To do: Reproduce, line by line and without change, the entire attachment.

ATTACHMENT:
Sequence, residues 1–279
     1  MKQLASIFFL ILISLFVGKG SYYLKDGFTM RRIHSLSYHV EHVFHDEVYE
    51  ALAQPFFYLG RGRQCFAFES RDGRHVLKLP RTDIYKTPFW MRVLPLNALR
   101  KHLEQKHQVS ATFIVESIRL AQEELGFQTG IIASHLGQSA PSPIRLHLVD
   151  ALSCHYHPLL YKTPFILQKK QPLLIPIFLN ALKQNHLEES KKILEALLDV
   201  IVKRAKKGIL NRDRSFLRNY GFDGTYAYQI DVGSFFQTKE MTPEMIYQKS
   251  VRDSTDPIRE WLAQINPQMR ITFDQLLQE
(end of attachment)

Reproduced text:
Sequence, residues 1–279
     1  MKQLASIFFL ILISLFVGKG SYYLKDGFTM RRIHSLSYHV EHVFHDEVYE
    51  ALAQPFFYLG RGRQCFAFES RDGRHVLKLP RTDIYKTPFW MRVLPLNALR
   101  KHLEQKHQVS ATFIVESIRL AQEELGFQTG IIASHLGQSA PSPIRLHLVD
   151  ALSCHYHPLL YKTPFILQKK QPLLIPIFLN ALKQNHLEES KKILEALLDV
   201  IVKRAKKGIL NRDRSFLRNY GFDGTYAYQI DVGSFFQTKE MTPEMIYQKS
   251  VRDSTDPIRE WLAQINPQMR ITFDQLLQE